The Essay That Didn't Win

So the Indians held an essay contest, offering up a 12 pack of tickets to Indians game this season.

Fans were asked to write a 500 word Essay on what winning Four Indians 12-packs would mean to them during the 2010 season, their economic hardship and ability to incorporate their passion as a Cleveland Indians fan and love for baseball in their responses.

I submitted an essay. And I didn’t win. And I’m really pissed about that.

I’m good at one thing, and that’s writing,. I put some serious effort into my essay, only to lose out to a bunch of shumcks. I don’t even know if I spelled that correctly. I don’t care.

So here’s my non-winning essay, it should bring a tear to your eye, cause it certainly did mine when I wrote it.

My name is Ed Carroll, and despite our troubled economy, I am IN the Tribe.

I am 26 years old and graduated from the University of Toledo with a degree in communication in 2008, specializing in print journalism. Despite having excellent grades and practical work experience at the student newspaper, I have been unable to find a job in my field, working instead at a local catering company, in what is basically a part-time grunt position.

However, I have not allowed my economic situation to keep me away from what I love and am passionate about: Cleveland Indians baseball. Although my job usually requires me to work nights and weekends during the summer, since the 2008 season I estimate I have made it to anywhere from 40-50 games, including suffering through a losing season in 2009. And my love for the Indians extends beyond the corner of Carnegie and Ontario. I’ve spent countless hours researching the team and its minor league affiliates. I’m the lead contributor to the Indians blog Deep Left Field and an active member of the two online Indians forums. I know the team and the game well.

Although the Tribe has fallen on hard times, I still love to go out to the ballpark. While the trades of players such as Victor Martinez and Cliff Lee were upsetting to me, I’m excited for the future, and to watch young players such as Matt LaPorta, Lou Marson, Luis Valbuena, Justin Masterson and Andy Marte get a chance to develop, with guys like Carlos Santana, Josh Judy and Kelvin De La Cruz waiting in the pipeline. While I am smart enough to know the postseason is not a realistic goal with the current roster, I do legitimately believe that these young players, coupled with stalwarts such as Grady Sizemore, Travis Hafner, Jake Westbrook and Shin-Soo Choo, can provide excitement for Cleveland, and with luck, hope for the future of Cleveland Indians baseball, and in return, hope for the city of Cleveland.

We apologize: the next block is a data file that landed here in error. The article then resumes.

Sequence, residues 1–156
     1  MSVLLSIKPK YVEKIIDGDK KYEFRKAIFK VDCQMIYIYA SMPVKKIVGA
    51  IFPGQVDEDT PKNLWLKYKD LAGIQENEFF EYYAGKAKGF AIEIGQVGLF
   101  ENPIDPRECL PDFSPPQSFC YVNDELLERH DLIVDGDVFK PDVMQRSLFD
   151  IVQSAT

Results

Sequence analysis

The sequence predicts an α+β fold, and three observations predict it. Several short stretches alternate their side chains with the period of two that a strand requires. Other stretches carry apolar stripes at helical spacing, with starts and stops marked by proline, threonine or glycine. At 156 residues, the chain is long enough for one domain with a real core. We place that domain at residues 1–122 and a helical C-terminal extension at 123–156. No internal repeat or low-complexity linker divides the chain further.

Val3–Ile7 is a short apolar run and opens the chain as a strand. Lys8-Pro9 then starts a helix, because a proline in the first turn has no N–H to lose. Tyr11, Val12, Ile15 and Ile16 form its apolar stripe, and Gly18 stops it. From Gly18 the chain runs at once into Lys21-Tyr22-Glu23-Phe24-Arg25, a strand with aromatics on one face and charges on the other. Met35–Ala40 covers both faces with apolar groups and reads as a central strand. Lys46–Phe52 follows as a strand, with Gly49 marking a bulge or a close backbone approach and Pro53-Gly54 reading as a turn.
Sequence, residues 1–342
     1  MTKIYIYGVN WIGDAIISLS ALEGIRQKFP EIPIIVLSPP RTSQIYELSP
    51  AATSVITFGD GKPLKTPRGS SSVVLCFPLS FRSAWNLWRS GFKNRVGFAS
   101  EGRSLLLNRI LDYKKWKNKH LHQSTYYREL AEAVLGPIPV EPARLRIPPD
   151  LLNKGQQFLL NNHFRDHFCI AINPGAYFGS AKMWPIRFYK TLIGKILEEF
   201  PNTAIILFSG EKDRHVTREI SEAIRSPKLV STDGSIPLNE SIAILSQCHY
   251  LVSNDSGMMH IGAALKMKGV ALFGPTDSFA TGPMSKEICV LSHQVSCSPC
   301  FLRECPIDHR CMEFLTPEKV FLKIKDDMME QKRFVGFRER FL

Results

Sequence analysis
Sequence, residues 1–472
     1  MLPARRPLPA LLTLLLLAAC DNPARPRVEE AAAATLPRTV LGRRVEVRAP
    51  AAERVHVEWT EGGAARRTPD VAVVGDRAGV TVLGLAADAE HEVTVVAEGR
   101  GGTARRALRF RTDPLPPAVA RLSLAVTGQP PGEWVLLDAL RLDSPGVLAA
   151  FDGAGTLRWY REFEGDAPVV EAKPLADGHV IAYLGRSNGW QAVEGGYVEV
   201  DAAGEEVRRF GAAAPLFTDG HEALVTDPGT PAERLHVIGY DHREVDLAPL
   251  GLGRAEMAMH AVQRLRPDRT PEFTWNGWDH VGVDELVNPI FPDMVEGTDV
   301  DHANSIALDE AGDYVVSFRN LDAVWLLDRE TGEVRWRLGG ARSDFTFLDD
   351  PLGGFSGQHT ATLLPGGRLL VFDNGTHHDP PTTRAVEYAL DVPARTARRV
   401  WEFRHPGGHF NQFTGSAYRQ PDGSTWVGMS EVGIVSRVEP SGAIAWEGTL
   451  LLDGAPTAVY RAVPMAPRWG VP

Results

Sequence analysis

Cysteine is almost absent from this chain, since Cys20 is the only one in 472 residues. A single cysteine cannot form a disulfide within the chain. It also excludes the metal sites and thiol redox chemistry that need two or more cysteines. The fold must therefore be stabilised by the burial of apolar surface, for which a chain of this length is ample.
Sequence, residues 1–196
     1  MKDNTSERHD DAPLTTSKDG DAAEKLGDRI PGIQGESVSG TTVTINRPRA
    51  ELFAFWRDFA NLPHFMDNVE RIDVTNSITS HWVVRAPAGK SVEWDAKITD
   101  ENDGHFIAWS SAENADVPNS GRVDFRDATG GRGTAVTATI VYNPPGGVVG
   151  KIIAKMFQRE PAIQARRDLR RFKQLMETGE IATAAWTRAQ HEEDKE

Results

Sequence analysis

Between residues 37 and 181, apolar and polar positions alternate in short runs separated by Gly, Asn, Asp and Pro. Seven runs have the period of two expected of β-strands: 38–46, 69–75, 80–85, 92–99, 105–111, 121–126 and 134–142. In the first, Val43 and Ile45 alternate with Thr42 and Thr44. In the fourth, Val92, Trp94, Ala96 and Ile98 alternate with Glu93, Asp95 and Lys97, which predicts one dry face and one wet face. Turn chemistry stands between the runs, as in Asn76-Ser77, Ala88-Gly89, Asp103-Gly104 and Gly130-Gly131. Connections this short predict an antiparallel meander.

My hope is that I can be there as much as possible to watch this team grow into the championship-caliber club I feel it has the potential to become. Winning a Pepsi 12-pack of Indians tickets would not just make my summer, it would make my year. Progressive Field is an escape for me, an escape from the harsh realities of our times, both economic and otherwise, and the opportunity to have these tickets at no cost to me would allow me, for at least 12 times this summer, to immerse myself in the sport, and the team, that I so dearly love.

In short, winning a Pepsi 12-pack represents hope for me. Hope that the Cleveland Indians can develop into a World Series winner. Hope that I will be able to find a job that utilizes my skills and abilities. And hope for my beloved hometown of Cleveland, that it too could be a winner.

Try and tell me that shouldn’t have won. I’m so pissed about this right now I can’t even comment about how the Indians are undefeated in spring training. Ugh.

(I heartily apologize to anyone who DID win. I’m just a sore loser.)

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